No, they aren’t. But we’d expect to hear that from a Democrat. It makes you wonder how on earth we built or fixed highways and bridges prior to 2009, doesn’t it? Most transportation projects are funded through a combination of federal, state, and local tax dollars and fees. Trump’s infrastructure proposal, which is still in the works, would potentially add hundreds of millions of dollars in private financing to the mix.

Anyone wishing to delve into the grim particulars of why this particular half-billion-a-year discretionary grant program is at once ineffective and perfectly dispensable may find enlightenment in a 2012 report by the libertarian Reason Foundation. There the interested reader will learn all about the program’s “vague metrics,” “inconsistent modal funding,” and “poor documentation,” as well as how—surprise, surprise—“Democratic congressional districts receive more funding than Republican congressional districts.”

The grants also fund local and regional projects that have no obvious national impact. Which sounds an awful lot like “earmarks” by another name. Except instead of legislators tucking special projects into appropriations bills they no longer pass, political appointees in the federal transportation bureaucracy exercise “discretion” to pick winning projects.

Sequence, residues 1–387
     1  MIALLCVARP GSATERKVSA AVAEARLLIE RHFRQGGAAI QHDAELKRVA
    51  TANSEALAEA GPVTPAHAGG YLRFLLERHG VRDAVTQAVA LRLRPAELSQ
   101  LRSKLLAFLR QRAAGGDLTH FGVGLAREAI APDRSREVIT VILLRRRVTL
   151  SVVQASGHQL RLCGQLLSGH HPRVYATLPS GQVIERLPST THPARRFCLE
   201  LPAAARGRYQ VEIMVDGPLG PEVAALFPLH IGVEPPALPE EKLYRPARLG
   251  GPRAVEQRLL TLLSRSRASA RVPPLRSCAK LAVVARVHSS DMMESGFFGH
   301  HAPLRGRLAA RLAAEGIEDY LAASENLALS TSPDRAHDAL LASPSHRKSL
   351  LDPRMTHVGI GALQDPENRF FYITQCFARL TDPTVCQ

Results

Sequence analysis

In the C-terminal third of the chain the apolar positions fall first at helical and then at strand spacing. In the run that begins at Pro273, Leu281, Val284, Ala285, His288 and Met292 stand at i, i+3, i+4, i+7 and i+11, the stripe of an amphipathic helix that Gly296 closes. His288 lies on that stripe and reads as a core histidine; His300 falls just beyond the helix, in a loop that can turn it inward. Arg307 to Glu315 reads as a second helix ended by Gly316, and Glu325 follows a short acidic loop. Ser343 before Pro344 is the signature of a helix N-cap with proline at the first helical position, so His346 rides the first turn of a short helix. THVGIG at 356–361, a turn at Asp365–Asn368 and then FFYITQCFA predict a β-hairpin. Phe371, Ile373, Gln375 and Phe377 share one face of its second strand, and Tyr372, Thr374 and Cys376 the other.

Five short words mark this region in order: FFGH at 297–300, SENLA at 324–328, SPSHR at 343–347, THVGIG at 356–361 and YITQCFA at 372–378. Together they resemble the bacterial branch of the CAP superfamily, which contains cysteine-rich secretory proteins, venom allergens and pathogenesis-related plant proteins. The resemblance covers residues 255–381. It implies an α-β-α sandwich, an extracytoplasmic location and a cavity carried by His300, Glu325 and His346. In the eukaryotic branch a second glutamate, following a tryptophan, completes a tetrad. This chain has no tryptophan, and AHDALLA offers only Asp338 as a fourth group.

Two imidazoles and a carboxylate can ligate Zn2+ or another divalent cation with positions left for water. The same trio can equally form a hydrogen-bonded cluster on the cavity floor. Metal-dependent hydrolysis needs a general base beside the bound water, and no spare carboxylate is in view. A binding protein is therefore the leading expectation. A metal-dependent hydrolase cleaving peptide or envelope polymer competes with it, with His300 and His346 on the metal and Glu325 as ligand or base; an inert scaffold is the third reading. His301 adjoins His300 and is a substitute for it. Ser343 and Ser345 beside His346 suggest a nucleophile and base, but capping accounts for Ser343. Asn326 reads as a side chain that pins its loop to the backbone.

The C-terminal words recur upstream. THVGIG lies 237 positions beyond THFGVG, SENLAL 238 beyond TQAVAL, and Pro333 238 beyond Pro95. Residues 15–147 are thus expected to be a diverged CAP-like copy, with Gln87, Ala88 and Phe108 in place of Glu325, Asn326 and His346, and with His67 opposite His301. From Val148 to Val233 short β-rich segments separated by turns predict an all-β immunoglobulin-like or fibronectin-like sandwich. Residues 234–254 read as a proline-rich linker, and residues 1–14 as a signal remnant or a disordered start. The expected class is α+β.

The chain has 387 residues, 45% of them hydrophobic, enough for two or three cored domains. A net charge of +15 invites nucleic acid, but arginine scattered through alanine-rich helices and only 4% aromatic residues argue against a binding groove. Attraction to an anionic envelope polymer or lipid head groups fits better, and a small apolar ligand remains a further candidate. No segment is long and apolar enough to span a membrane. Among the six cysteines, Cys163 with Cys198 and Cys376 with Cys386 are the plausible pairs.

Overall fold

Nobody should expect President Trump’s first spending proposal to survive intact and unamended. But nobody can seriously contend that every program is essential, every agency budget is lean, every federal employee is indispensable, or that the disappearance of any them would cause irreparable harm to the republic.

Bear in mind, the TIGER grant program is a $500 million line item in a $18 billion department budget. And prominent Republicans want to go to the wall to save it.

If this is what we get from Republicans, then why bother with the GOP?

About Ben Boychuk

Ben Boychuk is managing editor of American Greatness. He is a former weekly syndicated columnist with Tribune Media, and a veteran of several publications, including City Journal, Investor's Business Daily, and the Claremont Review of Books. He lives in California.

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9 responses to “Why Republicans Cannot Bear Trump’s Spending Plan in One Easy Lesson”

  1. Add to the hysteria in the MSM’s response this: “A Budget Is A Moral Document” (Huff Post – Z. Carter and A. Delaney). Kristof just repeats that tired old adjective ‘dark’ – nothing new there, is there?